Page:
Energy, Activity and Personal Care
For most people, “fatigue” is a temporary condition–something you feel after you wash the kitchen floor or mow the lawn and that goes away after a nap or some rest. But for cancer patients, fatigue is a common medical condition that can be chronic and can severely affect their quality of life.
What is fatigue? Most people think of weakness or exhaustion as signs of fatigue. But there are other less obvious indicators too. “I just don’t feel like myself,” is a common statement made by cancer patients expeeriencing fatigue. Pain in your legs, difficulty climbing stairs or walking short distances, shortness of breath after only light activity are all signs of fatigue. Fatigue can also affect the way you think and feel–it can cause you to have difficulty concentrating, lose interest in the things you used to enjoy and make you impatient.
Here is a list of techniques to help lessen your fatigue:
- Get plenty of sleep at night and allow time during the day for perods of rest.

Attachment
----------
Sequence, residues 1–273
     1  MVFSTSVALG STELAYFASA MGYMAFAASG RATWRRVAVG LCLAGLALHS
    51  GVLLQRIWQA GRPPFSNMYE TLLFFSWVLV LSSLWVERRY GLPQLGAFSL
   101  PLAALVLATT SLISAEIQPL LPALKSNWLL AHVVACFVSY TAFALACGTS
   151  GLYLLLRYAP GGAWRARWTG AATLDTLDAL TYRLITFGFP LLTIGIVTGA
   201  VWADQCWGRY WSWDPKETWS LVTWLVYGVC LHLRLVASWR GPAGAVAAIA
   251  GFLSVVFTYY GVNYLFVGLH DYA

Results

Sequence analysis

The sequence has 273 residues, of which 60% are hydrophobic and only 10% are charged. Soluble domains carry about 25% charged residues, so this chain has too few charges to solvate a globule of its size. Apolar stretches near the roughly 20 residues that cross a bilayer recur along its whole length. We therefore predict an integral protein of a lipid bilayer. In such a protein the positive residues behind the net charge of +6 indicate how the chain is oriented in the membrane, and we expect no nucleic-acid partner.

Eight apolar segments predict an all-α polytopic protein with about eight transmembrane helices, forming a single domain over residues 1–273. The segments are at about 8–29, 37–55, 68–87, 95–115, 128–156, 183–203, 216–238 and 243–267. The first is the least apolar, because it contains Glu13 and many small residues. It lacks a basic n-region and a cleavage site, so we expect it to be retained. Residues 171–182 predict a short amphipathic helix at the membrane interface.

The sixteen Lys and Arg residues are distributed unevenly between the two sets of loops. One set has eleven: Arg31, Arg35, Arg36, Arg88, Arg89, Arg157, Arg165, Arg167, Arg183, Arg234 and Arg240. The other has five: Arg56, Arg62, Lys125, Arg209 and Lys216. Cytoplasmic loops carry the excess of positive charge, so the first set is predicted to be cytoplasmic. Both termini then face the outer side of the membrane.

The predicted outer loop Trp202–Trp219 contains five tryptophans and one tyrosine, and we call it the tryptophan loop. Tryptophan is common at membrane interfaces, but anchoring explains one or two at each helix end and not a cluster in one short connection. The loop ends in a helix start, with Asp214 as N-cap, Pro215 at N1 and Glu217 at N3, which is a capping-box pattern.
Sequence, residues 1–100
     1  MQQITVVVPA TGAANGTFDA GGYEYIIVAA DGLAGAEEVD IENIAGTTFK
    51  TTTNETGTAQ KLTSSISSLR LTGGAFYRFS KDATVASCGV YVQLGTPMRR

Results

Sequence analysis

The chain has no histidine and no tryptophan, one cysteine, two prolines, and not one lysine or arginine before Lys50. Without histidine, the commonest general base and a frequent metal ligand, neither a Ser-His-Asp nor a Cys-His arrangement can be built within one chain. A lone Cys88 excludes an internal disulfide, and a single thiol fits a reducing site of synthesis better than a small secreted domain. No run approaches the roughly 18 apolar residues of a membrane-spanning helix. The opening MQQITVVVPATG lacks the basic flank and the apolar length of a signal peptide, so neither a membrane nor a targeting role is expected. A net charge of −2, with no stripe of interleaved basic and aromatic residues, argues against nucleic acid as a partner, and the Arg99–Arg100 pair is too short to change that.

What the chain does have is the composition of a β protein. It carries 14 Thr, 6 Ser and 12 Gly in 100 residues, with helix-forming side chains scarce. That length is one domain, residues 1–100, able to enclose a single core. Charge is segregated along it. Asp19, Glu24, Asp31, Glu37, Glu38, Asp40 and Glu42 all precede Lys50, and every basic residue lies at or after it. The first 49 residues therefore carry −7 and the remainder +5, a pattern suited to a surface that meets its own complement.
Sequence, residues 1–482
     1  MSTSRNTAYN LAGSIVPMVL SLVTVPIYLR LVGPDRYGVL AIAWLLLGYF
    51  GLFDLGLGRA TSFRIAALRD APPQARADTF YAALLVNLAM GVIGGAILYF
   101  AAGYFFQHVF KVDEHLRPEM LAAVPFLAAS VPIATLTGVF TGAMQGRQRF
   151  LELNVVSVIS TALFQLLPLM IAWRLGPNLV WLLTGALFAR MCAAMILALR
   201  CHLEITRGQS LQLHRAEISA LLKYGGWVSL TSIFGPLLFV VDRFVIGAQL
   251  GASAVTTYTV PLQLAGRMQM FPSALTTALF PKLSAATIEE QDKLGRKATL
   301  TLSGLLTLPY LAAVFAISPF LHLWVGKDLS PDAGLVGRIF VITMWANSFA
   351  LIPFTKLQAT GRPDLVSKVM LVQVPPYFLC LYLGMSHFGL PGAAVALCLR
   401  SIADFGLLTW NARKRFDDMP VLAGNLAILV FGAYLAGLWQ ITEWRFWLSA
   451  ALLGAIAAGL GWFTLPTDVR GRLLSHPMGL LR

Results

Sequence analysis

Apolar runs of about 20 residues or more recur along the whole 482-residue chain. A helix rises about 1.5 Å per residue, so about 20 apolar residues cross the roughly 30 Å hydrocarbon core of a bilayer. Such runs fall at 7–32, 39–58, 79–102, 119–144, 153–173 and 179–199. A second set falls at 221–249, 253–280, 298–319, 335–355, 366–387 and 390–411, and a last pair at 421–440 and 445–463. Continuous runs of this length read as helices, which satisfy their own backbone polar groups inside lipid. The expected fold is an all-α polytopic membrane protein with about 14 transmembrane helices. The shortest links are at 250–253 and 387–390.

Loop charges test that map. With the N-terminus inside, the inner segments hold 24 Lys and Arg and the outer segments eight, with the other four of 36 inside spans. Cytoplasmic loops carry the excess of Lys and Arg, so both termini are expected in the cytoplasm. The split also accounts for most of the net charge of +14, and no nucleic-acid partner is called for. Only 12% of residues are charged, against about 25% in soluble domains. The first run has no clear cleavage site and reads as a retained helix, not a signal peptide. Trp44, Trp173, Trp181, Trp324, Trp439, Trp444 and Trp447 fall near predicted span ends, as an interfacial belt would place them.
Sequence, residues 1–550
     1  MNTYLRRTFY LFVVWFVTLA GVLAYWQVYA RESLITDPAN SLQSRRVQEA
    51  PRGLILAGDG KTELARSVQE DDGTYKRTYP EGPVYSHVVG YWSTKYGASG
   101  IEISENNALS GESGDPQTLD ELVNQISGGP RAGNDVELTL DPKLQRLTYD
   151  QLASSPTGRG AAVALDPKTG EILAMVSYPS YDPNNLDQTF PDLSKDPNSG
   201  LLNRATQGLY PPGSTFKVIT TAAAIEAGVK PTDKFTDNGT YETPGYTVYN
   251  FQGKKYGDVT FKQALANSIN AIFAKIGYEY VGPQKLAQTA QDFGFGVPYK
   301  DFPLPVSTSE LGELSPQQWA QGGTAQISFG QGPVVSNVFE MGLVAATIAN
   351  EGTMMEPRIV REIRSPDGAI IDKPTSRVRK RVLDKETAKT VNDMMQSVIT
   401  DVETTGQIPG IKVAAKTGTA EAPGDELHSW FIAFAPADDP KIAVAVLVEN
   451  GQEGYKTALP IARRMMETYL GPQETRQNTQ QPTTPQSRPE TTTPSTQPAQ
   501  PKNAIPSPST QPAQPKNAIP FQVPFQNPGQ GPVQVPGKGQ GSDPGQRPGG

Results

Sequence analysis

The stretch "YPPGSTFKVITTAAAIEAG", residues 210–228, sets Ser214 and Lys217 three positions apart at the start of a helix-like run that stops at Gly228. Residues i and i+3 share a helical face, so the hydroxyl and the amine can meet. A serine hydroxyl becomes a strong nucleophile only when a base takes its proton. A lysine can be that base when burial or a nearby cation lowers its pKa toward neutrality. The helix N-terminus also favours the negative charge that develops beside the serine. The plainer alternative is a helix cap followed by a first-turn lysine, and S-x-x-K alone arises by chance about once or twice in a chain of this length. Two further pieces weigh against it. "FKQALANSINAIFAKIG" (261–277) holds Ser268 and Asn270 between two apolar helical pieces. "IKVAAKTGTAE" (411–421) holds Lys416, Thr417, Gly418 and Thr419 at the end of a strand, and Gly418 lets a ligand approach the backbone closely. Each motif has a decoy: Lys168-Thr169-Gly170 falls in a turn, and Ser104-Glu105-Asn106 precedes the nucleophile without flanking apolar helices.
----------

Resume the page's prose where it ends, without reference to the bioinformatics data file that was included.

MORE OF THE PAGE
- Take short walks to do some light exercise of possible. Try easier or shorter versions of te activities you enjoy.
- Eat a well-balanced diet and drink plenty of fluids.
- Ask family or friends to help you with tasks you find difficult or taxing.
- Get up slowly to help prevent dizziness after sitting of lying down.
- Join a support group–sharing your feelings with others can ease the burden of fatigue.
- Cultivate interests that can be less strenuous, like knitting, listening to music or reading.
- REMEMBER, you don’t have to do everything–save your energy for things you find most important to you!
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